In short, one shouldn't always look to cartoons as a reflection of real life, but a parody. That is what BETTY BOOP FOR PRESIDENT is. And considering that we have an election year coming up, BETTY seems to be the better candidate considering who we have in the White House now.

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Betty Boop For President

Posted: September 15, 2001

Betty Boop For President

By
"Betty Boop" is an interesting historical document for adults, but I don't recommend it AT ALL for children. Most of the political jokes in this cartoon will be way over kids' heads. For example: why does the audience at Betty Boop's political rally consist entirely of elephants on one side of the hall and donkeys on the other side, instead of (more typically for cartoonland) a mixed audience of many animal species? You could explain this joke to a child, but the kid won't think it's funny. And some of the jokes in this cartoon are simply NOT appropriate for children ... as was often the case in cartoons made by Fleischer Studios, the most vulgar animators until Ralph Bakshi came along. I especially dislike one sequence in "Betty Boop for President" in which a big snarling macho criminal receives an electric shock which turns him into an effeminate little mincing sissy who puts on lipstick before swishing out of the room.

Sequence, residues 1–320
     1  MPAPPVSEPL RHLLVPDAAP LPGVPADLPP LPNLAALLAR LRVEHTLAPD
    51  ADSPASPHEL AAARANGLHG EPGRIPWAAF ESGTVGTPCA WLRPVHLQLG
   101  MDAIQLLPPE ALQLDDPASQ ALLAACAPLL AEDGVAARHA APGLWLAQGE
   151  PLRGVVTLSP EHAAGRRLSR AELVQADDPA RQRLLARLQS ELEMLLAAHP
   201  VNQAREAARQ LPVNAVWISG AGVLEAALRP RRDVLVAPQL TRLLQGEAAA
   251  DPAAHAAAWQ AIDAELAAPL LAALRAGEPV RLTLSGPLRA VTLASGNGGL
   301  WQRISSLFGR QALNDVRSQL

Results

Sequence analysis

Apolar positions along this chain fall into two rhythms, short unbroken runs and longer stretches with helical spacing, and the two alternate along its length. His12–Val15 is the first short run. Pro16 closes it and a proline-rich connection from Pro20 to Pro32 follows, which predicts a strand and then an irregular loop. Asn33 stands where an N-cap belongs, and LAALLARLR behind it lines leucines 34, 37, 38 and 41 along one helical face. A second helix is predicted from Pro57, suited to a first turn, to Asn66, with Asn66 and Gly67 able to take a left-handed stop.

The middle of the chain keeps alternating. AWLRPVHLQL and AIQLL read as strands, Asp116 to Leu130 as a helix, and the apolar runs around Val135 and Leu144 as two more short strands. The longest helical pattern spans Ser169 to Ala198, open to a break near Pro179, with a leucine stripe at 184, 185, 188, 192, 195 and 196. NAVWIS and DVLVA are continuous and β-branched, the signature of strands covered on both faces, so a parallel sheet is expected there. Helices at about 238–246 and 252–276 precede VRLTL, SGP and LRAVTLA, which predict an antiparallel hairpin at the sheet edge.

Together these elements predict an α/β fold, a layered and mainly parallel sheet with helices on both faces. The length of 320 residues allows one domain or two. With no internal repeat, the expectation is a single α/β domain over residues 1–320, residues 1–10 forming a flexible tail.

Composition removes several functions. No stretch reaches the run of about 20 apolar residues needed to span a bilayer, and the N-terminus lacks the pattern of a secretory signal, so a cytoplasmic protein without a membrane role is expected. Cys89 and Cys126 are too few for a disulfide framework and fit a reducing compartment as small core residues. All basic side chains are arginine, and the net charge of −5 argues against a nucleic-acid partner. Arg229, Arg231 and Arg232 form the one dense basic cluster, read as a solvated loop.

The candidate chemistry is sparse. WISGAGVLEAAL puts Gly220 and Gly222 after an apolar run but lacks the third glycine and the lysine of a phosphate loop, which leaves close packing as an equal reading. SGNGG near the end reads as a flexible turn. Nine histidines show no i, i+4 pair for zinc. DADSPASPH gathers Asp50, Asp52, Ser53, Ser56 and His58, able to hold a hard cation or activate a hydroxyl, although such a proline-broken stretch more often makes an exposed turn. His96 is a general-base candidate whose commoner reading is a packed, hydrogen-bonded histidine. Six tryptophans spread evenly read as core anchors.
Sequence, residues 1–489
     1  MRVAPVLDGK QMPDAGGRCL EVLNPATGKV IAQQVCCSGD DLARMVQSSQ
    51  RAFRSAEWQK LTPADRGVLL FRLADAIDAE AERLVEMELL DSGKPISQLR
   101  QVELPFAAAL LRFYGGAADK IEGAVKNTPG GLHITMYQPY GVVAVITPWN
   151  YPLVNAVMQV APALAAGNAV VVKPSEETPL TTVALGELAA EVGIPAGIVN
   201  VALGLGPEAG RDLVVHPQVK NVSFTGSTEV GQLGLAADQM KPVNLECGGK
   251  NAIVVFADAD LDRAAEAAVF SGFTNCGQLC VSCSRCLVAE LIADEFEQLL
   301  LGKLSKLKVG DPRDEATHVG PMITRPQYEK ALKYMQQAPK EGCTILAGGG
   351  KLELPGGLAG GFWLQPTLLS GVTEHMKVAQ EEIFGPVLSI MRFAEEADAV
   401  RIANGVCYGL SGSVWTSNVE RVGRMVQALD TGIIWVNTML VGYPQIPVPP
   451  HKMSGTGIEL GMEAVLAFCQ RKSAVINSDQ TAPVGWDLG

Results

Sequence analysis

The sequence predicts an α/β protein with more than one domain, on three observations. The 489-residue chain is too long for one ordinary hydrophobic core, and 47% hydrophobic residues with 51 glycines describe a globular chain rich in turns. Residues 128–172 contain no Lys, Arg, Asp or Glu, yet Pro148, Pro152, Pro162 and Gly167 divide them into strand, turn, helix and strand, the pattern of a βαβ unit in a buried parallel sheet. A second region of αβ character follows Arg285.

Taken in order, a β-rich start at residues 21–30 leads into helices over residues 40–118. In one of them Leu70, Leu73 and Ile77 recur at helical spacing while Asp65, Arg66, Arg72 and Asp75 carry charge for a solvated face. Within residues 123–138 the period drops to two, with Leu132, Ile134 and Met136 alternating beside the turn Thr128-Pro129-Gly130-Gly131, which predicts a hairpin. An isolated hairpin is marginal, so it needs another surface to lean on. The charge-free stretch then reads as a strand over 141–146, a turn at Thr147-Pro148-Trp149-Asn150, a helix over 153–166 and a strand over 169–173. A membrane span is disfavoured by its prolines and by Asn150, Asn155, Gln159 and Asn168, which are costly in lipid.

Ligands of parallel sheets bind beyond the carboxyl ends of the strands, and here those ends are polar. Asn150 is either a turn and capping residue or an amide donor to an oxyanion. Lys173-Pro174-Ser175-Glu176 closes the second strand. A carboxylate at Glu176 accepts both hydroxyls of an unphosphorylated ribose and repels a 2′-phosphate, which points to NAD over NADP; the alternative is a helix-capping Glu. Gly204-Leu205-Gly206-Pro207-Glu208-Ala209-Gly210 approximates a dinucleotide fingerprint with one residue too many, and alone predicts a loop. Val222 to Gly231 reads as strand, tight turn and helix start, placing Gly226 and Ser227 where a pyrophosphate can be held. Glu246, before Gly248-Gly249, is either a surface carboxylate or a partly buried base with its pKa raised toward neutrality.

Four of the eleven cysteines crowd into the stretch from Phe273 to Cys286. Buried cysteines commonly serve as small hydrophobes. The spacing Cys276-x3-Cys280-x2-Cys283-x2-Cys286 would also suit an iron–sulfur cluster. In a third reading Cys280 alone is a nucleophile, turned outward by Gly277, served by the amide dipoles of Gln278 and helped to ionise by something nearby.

Modern viewers who don't know American political history will be baffled by the sequence in which Betty Boop morphs into Herbert Hoover and Alfred E. Smith, and the animation in this sequence is so bizarre (with Betty's face drastically changing shape) that it may frighten small children. It's disturbing even for adults.
The very last image in "Betty Boop for President" is a huge close-up of a stein of beer, which probably got tremendous applause when this cartoon was first released (during Prohibition) but which can't possibly recapture that effect today. Still, it constitutes a genuine political statement by Fleischer Studios and Paramount.
The best sequence in this cartoon is the campaign speech by Betty Boop's political opponent: a stick-figure man named Mister Nobody, who recites a cynical patter-song. ("Who will feed you when you're hungry? Mister Nobody!") This is an excellent example of Depression-era humor, which was extremely bitter. But this scene isn't as original as it pretends to be, because its basic premise was stolen from "Nobody", a vaudeville song that was performed by Bert Williams during the World War One era ... another topical reference which 21st-century audiences won't recognize.
On a scale of 1 to 10, I'll give "Betty Boop" a rating of 4 ... for its historical value, not for its humor quotient.